Ariya Jutanugarn is radiating with confidence she seemed to have completely lost just a year ago.
With her victory Sunday at the Volvik Championship, Jutanugarn made history, becoming the first player to make her first three LPGA titles consecutive victories.
Jutanugarn, 20, blew away the field on the back nine at Travis Pointe Country Club in Ann Arbor, Mich., to win in a five-shot rout.
“Ariya is very difficult to describe,” said Christina Kim, who finished second. “There really hasn't been a player like her, honestly, in my generation. The way that she just powers the ball, it's remarkable. She's got such imagination around the golf course and incredible touch. It’s really, really cool to see how far she's come.”
Jutanugarn is the first player to win three LPGA titles in a row since Inbee Park did so in 2013.
“She’s going to be unstoppable,” Kim said.
At this time a year ago, Jutanugarn was mired in a rookie slump that would see her miss 10 consecutive cuts. With Sunday’s victory, she climbed to No. 10 in the Rolex Women’s World Rankings.
Just a little more than a month ago, Jutanugarn was two shots ahead with three holes to go at the ANA Inspiration, the year’s first major championship. She blew the lead, bogeying all three holes to lose to Lydia Ko. The championship ended with Jutanugarn snap-hooking her final drive into the water.
Now Jutanugarn’s aiming to make her fourth consecutive victory a major.
After taking this next week off, Jutanugarn will head to Seattle to tee it up at the KPMG Women’s PGA Championship at Sahalee.
“I badly want to win my first major,” Jutanugarn said.
Oddsmakers just may make Jutanugarn the betting favorite with Ko there. On Sunday in Michigan, Jutanugarn closed out with a bogey-free 5-under-par 67. She pulled away on the back nine making four birdies over a five-hole stretch.
“I’m speechless,” said Jessica Korda, who trailed Jutanugarn by just one shot starting the final round. “That was amazing.”
Jutanugarn was a teen phenom from Thailand who struggled to return from surgery after tearing the labrum in her right shoulder in the summer of 2013, but there’s more to her rebound than that the return of physical skill.
“Getting more and more confident,” Jutanugarn said.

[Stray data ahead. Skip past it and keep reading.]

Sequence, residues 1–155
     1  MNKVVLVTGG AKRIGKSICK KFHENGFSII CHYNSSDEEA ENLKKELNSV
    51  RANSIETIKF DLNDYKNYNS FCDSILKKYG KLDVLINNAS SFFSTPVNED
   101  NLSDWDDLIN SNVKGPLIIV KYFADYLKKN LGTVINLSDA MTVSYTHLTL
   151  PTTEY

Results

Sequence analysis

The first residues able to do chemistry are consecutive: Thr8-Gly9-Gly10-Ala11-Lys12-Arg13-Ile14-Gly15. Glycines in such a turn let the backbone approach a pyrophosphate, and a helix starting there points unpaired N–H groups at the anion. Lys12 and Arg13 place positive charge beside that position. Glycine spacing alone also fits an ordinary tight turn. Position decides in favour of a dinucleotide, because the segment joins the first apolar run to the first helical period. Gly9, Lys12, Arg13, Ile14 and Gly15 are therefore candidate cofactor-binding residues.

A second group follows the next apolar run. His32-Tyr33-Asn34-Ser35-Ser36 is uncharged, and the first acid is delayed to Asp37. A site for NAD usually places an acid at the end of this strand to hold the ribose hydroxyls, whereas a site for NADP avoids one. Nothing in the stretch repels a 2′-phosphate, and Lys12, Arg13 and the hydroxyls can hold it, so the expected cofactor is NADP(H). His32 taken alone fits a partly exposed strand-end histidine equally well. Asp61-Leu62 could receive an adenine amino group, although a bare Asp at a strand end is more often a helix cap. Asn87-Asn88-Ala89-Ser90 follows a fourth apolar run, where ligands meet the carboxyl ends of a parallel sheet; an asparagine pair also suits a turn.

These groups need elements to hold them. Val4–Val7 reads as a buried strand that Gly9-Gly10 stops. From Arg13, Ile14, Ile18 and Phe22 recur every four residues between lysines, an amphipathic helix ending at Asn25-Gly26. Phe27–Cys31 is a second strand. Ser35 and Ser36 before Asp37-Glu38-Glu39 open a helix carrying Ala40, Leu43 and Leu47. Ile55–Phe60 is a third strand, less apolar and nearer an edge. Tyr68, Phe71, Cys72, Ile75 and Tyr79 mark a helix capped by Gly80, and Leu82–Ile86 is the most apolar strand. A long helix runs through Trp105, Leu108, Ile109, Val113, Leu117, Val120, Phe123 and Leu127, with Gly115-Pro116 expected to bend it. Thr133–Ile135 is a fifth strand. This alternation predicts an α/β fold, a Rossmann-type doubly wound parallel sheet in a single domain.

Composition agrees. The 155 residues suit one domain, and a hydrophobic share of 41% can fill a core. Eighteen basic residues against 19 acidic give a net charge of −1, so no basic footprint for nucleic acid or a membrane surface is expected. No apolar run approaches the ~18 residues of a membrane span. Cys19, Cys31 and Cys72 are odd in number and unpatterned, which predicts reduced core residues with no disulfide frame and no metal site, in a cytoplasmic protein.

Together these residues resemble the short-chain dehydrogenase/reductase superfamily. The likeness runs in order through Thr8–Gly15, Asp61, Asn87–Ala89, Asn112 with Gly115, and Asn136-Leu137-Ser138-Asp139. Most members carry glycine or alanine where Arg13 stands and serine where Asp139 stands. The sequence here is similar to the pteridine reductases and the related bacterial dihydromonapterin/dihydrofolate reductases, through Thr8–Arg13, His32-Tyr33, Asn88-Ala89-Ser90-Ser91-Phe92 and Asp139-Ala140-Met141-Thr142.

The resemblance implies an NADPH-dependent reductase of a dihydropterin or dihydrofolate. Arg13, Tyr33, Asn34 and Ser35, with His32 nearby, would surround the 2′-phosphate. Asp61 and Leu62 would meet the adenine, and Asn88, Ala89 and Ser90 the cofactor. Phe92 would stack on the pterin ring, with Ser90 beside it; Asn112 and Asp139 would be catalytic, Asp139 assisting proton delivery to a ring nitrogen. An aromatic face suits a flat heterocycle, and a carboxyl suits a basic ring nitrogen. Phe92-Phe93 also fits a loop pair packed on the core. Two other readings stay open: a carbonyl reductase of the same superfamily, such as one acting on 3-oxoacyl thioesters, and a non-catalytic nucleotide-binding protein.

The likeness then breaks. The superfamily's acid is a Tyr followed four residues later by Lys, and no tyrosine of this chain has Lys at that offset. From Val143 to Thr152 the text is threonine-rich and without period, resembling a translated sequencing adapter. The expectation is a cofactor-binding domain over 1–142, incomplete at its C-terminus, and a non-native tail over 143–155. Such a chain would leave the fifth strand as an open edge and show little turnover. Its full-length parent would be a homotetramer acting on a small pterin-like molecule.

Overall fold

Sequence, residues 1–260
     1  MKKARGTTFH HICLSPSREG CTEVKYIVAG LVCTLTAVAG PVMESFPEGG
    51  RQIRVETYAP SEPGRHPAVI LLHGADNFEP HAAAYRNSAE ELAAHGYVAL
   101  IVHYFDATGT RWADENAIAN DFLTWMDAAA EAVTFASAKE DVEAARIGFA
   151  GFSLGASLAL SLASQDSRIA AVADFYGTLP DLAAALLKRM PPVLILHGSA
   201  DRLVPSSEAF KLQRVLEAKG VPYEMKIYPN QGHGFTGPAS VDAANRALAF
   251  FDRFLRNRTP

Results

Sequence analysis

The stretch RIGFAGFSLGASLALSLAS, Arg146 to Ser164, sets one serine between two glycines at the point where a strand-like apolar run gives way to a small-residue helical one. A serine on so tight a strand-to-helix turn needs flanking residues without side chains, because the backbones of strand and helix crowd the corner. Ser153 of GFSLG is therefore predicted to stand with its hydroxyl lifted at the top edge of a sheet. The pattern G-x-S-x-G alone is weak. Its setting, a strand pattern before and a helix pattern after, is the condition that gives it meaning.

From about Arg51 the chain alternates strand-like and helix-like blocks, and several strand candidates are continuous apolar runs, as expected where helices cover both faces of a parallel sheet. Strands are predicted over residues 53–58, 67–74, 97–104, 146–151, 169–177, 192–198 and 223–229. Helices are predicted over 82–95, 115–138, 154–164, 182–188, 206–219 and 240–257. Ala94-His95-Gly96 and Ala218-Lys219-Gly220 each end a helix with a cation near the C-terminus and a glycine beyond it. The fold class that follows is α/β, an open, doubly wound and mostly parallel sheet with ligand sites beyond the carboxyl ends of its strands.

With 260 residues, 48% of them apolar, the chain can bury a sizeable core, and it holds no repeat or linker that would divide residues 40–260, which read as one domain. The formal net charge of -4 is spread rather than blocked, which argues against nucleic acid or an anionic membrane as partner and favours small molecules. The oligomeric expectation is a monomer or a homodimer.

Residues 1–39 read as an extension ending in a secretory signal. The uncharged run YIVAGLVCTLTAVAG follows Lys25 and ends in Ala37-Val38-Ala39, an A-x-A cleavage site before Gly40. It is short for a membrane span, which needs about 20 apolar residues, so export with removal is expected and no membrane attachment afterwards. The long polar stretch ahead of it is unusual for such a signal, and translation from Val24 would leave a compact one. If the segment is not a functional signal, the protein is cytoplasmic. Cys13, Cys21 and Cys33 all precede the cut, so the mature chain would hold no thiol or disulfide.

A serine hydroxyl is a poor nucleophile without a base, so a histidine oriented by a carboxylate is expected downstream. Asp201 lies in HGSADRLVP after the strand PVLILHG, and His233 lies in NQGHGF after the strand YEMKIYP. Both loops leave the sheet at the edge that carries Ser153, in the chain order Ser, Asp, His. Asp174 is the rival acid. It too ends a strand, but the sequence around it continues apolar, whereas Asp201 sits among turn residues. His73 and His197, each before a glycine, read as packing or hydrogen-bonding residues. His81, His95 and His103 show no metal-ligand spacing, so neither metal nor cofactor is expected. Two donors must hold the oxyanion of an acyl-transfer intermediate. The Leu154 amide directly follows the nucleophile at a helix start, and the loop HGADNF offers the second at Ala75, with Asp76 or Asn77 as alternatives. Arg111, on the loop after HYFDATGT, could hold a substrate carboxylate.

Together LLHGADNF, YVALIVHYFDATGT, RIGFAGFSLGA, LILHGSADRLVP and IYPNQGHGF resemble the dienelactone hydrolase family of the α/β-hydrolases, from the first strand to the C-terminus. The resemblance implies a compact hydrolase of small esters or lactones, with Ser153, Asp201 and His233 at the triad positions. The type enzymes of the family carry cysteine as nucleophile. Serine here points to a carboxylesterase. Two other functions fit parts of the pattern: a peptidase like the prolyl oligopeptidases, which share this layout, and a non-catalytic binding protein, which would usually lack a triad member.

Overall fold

Kim remembers talking to Jutanugarn amid the rookie’s run of 10 consecutive missed cuts last year.
“She was really, really distraught,” Kim said. “I was like, `If you had any idea how good of a golfer you are . . . It’s unbelievable.”
Jutanugarn admitted fighting nerves losing the ANA Inspiration. Her collapse at Mission Hills added to questions about her ability to close out leads. Three years before that she blew a chance to win her first LPGA title at the Honda event in Thailand in equally heartbreaking fashion. She took a two-shot lead to the final hole there, but she watched her homeland wince and groan, instead. She made triple bogey and lost to Inbee Park.
While Jutanugarn battled nerves closing out the Yokohama Classic and Kingsmill Championship earlier this month, she didn’t betray any Sunday in Michigan.
“She looked bored,” Korda said. “She sat down on the 16th tee and 18th tee, chilling in the shade, told me to come sit down next to her, like we were having a picnic.”
Gary Gilchrist, who began coaching Jutanugarn early this year, said he was most impressed with Jutanugarn’s demeanor.
“It was watching how composed she was,” Gilchrist said. “We talked this week about how everyone gets nervous, and I told her if she started feeling stress today, she should just smile and get on with it. A smile relaxes the body.”
Jutanugarn has struggled with her driver this year, but it wasn’t an issue. She hit 3-woods and 2-irons off the tee boxes all week at Travis Pointe. She kept the ball low in the wind Sunday, hitting stingers.
“She was hitting that three-quarter shot,” Gilchrist said. “She has a strong 3-wood and can hit shots with such a penetrating trajectory, where the ball runs 30 yards. It helps to have a shot to go to like that under pressure.”
Jutanugarn joins a growing cast of young stars. With the LPGA calendar turning to June, nobody older than 23 has won a tour title this year.
“It’s an exciting time for the LPGA,” Kim said.